Other period symptoms a person should talk to a doctor about include:
pain or bleeding during intercourse
shortness of breath
unexplained weight changes, including weight gain or loss
Frequent periods can indicate an underlying condition that requires treatment. Having too many periods can also result in blood loss that leads to anemia or low blood counts, so it is essential to seek medical advice.
Preparing for your doctor’s appointment
Changes to your menstrual cycle can indicate a health problem, so it’s always important to discuss abnormal bleeding with your doctor. If you need to know what causes 2 periods or flow in one month, your doctor will likely ask you a lot of questions about your symptoms.
By being prepared for your appointment, you can help your doctor find the correct treatment as quickly as possible. Here are some questions your doctor may ask:
How long are your cycles? Is this normal for you?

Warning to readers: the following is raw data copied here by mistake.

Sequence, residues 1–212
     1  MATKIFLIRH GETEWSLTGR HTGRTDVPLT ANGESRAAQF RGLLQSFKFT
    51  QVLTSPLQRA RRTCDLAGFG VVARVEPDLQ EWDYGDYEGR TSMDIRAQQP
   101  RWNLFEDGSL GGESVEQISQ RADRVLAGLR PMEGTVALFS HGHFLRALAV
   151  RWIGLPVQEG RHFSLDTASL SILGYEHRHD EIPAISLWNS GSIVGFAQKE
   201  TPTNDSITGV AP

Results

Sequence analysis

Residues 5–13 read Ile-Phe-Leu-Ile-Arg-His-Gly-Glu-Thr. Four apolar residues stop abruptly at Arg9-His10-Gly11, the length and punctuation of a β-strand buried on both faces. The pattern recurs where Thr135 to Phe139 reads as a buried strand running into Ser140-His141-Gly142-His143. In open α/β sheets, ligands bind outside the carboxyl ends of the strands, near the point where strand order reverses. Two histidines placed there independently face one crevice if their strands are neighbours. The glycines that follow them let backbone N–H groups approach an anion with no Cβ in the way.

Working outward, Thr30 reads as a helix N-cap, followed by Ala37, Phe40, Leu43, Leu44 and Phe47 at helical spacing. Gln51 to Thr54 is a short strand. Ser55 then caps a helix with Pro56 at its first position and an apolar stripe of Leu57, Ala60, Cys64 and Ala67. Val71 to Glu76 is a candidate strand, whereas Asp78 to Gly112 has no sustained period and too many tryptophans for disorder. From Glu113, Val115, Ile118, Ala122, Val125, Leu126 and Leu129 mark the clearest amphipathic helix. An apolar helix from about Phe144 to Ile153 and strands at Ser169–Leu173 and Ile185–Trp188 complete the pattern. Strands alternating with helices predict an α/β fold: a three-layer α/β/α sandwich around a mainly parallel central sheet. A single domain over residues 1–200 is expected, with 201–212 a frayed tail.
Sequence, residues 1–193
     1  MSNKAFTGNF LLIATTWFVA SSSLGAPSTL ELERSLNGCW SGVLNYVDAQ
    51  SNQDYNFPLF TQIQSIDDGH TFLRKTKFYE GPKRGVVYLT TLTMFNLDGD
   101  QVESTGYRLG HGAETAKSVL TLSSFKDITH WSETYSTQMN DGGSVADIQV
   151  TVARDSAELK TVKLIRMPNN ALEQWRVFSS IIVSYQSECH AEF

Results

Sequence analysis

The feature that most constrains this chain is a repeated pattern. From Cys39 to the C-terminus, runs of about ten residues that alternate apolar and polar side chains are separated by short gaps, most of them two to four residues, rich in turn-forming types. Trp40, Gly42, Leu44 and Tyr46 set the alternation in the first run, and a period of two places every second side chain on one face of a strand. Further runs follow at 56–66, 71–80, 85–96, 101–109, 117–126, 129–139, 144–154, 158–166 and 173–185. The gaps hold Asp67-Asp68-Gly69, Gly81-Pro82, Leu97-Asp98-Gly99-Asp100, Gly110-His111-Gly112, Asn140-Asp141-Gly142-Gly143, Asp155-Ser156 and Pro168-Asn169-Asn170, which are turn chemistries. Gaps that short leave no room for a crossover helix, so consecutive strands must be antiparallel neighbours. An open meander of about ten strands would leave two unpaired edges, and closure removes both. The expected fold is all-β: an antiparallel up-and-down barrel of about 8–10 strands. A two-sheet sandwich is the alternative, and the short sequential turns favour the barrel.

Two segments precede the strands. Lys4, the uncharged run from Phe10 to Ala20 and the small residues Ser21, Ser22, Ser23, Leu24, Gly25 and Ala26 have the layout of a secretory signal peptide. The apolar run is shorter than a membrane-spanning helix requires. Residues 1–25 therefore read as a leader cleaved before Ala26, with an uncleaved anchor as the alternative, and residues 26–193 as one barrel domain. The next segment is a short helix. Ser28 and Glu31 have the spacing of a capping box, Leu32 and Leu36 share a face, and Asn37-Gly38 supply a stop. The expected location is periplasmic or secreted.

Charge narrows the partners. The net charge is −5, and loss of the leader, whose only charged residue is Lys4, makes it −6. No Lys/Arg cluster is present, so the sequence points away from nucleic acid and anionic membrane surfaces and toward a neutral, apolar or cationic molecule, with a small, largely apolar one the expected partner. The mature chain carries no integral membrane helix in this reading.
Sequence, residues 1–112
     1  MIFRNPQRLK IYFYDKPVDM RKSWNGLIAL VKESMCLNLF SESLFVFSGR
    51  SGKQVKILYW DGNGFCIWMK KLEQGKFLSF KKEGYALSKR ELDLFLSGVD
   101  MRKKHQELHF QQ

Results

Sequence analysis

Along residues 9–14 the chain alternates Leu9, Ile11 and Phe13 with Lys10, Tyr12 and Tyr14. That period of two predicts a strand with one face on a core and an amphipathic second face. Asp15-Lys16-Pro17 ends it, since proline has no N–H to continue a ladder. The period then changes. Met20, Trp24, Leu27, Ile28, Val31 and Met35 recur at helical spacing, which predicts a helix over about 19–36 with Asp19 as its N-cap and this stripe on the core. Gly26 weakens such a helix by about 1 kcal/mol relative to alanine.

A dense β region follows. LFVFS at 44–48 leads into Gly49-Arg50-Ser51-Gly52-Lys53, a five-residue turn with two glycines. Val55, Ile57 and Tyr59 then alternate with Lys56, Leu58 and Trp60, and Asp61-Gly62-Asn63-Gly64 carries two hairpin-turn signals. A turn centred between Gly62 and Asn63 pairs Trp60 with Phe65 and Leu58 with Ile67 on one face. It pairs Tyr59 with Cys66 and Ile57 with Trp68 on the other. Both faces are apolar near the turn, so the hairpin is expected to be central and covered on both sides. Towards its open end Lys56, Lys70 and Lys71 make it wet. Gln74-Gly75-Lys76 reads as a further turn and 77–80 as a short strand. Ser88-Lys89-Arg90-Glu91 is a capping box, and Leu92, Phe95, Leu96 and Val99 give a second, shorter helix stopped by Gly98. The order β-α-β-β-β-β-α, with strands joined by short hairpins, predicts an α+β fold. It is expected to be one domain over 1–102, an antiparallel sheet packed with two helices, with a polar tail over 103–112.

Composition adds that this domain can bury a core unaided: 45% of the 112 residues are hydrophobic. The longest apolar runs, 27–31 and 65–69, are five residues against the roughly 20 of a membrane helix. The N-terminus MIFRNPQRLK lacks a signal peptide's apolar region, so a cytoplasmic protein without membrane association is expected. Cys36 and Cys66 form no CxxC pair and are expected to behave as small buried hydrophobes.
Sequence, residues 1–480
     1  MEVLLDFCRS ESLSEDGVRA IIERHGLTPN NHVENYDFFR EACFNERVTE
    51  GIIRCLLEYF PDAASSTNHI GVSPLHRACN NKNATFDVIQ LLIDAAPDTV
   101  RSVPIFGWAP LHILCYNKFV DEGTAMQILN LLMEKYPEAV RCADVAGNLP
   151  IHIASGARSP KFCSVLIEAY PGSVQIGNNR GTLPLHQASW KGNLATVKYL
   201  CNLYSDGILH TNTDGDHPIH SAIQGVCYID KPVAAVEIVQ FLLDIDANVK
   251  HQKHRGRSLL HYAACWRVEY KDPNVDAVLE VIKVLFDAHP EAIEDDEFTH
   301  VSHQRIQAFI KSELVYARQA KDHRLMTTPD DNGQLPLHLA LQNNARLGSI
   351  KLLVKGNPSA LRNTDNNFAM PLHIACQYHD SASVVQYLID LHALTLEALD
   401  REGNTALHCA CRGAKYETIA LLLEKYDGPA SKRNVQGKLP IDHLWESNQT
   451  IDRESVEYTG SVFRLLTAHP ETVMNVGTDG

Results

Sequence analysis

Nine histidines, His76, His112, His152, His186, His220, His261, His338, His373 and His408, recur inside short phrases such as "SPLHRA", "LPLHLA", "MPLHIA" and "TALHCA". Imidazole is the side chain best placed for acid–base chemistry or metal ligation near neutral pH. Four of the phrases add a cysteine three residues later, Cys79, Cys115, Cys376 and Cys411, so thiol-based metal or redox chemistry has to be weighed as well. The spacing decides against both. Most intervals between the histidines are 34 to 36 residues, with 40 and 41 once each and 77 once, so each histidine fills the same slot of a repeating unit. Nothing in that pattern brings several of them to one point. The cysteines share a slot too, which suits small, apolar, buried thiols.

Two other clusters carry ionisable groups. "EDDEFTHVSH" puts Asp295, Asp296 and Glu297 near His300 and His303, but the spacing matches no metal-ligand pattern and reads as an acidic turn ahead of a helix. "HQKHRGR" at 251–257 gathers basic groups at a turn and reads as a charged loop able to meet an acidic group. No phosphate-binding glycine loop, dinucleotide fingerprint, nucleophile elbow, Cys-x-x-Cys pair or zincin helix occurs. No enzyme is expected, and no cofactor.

If your shorter cycle isn’t normal for you, when did the changes to your bleeding start?
How long does the bleeding last?
What color is the blood?
How heavy is the bleeding? How quickly does it fill a pad?
Are there clots? If so, how big are they?
Do you have any other symptoms?
To calculate the length of your cycle, start counting on the first day you bleed. This will be day one. Your cycle will end on the first day that you start bleeding again. Many smartphone apps are available to help you track your cycle.
If you have a history of irregular bleeding, tracking your cycles on an app can help you identify a problem more quickly. It can also make it easier to share your cycle information with your doctor.
If you think you’re having two periods each month without known causes, talk to your doctor. They can help you balance your hormone levels and regulate your bleeding. You may need to try a few different options, but with treatment, you can increase the length of your menstrual cycle. This can help you get back to having one period each month.